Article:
School of BioSciences - Research Publications

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    A high-throughput KASP assay provides insights into the evolution of multiple resistant mutations in populations of the two-spotted spider mite Tetranychus urticae across China
    Shen, X-J ; Zhang, Y-J ; Wang, S-Y ; Chen, J-C ; Cao, L-J ; Gong, Y-J ; Pang, B-S ; Hoffmann, AA ; Wei, S-J (Wiley, 2023-05)
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    Testing for adaptive changes linked to range expansion following a single introduction of the fall webworm
    Dai, J-X ; Cao, L-J ; Chen, J-C ; Yang, F ; Shen, X-J ; Ma, L-J ; Hoffmann, AA ; Chen, M ; Wei, S-J (WILEY, 2023-06-05)
    Adaptive evolution following colonization can affect the impact of invasive species. The fall webworm (FWW) invaded China 40 years ago through a single introduction event involving a severe bottleneck and subsequently diverged into two genetic groups. The well-recorded invasion history of FWW, coupled with a clear pattern of genetic divergence, provides an opportunity to investigate whether there is any sign of adaptive evolution following the invasion. Based on genome-wide SNPs, we identified genetically separated western and eastern groups of FWW and correlated spatial variation in SNPs with geographical and climatic factors. Geographical factors explained a similar proportion of the genetic variation across all populations compared with climatic factors. However, when the two population groups were analysed separately, environmental factors explained more variation than geographical factors. SNP outliers in populations of the western group had relatively stronger response to precipitation than temperature-related variables. Functional annotation of SNP outliers identified genes associated with insect cuticle protein potentially related to desiccation adaptation in the western group and genes associated with lipase biosynthesis potentially related to temperature adaptation in the eastern group. Our study suggests that invasive species may maintain the evolutionary potential to adapt to heterogeneous environments despite a single invasion event. The molecular data suggest that quantitative trait comparisons across environments would be worthwhile.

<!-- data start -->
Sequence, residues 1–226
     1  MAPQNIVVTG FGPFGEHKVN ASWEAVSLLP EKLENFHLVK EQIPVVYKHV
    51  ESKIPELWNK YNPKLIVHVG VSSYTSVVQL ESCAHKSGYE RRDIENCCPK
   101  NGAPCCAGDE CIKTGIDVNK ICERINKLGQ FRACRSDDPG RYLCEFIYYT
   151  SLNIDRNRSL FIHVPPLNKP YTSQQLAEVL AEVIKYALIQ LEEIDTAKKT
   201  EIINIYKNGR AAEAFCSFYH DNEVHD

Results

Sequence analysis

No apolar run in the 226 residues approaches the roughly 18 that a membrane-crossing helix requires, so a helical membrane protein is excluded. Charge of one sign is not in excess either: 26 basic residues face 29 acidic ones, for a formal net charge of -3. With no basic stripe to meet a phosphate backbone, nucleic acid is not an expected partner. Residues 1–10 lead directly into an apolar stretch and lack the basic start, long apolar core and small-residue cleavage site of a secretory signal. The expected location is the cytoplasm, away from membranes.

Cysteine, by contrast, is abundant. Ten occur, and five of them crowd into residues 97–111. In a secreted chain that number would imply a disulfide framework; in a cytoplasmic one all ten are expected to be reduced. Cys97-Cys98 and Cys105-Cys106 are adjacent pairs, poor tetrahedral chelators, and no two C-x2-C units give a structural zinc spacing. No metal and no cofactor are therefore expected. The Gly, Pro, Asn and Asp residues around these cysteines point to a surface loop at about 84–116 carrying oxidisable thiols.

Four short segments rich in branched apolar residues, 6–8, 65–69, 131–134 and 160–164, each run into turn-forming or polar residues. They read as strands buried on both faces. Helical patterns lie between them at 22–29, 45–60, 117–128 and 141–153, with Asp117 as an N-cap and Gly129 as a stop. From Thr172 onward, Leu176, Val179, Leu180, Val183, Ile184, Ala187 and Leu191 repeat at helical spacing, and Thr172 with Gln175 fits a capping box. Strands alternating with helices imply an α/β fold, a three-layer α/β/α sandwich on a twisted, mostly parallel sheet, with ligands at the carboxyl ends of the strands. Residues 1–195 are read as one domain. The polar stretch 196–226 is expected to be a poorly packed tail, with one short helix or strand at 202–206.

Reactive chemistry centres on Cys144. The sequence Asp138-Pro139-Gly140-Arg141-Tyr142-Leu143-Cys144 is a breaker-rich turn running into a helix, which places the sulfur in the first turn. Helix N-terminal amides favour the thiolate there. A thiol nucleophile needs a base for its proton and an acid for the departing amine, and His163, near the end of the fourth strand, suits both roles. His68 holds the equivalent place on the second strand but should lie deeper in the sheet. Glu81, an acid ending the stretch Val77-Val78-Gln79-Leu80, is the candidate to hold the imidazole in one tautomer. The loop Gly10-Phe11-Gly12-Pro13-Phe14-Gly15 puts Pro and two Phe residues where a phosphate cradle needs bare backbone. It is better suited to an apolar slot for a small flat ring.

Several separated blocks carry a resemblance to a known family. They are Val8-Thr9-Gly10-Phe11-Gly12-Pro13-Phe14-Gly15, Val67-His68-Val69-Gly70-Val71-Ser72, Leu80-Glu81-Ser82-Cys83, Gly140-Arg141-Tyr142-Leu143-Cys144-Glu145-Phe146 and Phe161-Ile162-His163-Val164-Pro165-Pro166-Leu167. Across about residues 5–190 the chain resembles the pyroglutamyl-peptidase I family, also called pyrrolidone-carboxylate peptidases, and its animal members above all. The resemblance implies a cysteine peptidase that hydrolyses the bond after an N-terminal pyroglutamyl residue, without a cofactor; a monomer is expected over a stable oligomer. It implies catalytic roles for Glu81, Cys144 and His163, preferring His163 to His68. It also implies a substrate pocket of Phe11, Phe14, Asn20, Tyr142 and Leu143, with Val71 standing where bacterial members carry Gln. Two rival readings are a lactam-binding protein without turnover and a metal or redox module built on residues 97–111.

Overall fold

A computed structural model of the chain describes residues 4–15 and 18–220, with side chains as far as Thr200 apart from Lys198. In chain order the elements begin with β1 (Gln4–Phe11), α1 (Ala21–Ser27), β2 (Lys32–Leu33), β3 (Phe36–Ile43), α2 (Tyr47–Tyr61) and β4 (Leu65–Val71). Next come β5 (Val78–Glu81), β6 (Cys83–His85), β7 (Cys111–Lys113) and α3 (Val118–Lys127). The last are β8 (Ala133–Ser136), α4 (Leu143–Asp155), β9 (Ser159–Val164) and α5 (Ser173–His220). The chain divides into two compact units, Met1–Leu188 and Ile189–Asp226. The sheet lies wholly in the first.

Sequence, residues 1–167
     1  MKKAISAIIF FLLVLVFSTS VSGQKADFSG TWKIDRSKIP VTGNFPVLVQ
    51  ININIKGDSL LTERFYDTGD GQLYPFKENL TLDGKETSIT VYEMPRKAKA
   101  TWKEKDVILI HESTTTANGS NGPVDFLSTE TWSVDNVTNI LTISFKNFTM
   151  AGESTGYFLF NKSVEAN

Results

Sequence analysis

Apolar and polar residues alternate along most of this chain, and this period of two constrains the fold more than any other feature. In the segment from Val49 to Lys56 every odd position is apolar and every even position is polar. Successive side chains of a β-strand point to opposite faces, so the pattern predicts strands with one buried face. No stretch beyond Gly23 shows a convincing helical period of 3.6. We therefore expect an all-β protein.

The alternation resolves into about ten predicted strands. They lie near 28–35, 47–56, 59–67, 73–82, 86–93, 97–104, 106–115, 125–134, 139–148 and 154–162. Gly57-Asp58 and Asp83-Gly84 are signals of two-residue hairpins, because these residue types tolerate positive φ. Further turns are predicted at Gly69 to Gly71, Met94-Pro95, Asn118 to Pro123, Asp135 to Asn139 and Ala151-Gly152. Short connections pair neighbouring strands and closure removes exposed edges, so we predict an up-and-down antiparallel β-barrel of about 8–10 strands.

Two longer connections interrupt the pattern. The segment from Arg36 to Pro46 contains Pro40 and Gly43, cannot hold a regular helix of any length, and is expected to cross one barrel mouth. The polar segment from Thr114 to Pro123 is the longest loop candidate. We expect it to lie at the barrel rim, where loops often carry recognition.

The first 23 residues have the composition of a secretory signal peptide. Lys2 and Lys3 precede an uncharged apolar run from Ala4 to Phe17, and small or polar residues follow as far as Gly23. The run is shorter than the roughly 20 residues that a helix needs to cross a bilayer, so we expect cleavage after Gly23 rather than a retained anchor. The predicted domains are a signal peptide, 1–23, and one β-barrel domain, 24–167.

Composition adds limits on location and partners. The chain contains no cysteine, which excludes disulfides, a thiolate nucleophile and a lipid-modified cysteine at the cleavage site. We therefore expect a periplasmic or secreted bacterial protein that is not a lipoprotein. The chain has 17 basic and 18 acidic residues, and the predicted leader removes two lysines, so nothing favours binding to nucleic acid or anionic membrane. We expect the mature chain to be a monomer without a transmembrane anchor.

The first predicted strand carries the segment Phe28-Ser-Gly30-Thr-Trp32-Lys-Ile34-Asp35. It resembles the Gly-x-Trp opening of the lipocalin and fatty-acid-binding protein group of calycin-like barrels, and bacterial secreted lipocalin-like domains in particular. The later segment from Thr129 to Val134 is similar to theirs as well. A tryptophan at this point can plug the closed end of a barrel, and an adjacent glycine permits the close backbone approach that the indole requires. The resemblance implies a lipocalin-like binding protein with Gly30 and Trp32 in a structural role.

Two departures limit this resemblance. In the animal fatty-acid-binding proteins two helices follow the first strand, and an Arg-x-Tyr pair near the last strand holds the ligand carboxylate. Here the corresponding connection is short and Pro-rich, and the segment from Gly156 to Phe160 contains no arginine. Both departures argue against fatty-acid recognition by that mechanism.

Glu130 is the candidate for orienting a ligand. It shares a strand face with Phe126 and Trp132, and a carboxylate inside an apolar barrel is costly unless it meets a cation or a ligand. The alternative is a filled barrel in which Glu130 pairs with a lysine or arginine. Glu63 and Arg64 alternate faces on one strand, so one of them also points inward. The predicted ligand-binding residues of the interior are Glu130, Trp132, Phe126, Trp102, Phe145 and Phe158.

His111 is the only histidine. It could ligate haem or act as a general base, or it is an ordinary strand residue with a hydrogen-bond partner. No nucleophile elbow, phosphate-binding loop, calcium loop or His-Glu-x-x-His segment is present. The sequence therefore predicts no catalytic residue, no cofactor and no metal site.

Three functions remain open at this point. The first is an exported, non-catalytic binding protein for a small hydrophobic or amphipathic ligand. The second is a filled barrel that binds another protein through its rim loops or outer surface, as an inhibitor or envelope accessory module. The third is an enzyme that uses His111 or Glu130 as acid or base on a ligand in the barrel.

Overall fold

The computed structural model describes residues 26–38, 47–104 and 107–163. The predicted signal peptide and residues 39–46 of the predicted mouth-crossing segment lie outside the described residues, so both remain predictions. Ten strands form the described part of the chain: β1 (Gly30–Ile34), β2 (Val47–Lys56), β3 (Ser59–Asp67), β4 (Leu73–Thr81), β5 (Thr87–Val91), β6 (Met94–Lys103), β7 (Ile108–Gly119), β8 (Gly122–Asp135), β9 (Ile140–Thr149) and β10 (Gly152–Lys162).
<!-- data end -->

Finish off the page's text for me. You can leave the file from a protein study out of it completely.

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    Scientists' warning on climate change and insects
    Harvey, JA ; Tougeron, K ; Gols, R ; Heinen, R ; Abarca, M ; Abram, PK ; Basset, Y ; Berg, M ; Boggs, C ; Brodeur, J ; Cardoso, P ; de Boer, JG ; De Snoo, GR ; Deacon, C ; Dell, JE ; Desneux, N ; Dillon, ME ; Duffy, GA ; Dyer, LA ; Ellers, J ; Espindola, A ; Fordyce, J ; Forister, ML ; Fukushima, C ; Gage, MJG ; Garcia-Robledo, C ; Gely, C ; Gobbi, M ; Hallmann, C ; Hance, T ; Harte, J ; Hochkirch, A ; Hof, C ; Hoffmann, AA ; Kingsolver, JG ; Lamarre, GPA ; Laurance, WF ; Lavandero, B ; Leather, SR ; Lehmann, P ; Le Lann, C ; Lopez-Uribe, MM ; Ma, C-S ; Ma, G ; Moiroux, J ; Monticelli, L ; Nice, C ; Ode, PJ ; Pincebourde, S ; Ripple, WJ ; Rowe, M ; Samways, MJ ; Sentis, A ; Shah, AA ; Stork, N ; Terblanche, JS ; Thakur, MP ; Thomas, MB ; Tylianakis, JM ; Van Baaren, J ; Van de Pol, M ; Van der Putten, WH ; Van Dyck, H ; Verberk, WCEP ; Wagner, DL ; Weisser, WW ; Wetzel, WC ; Woods, HA ; Wyckhuys, KAG ; Chown, SL (WILEY, 2023-02)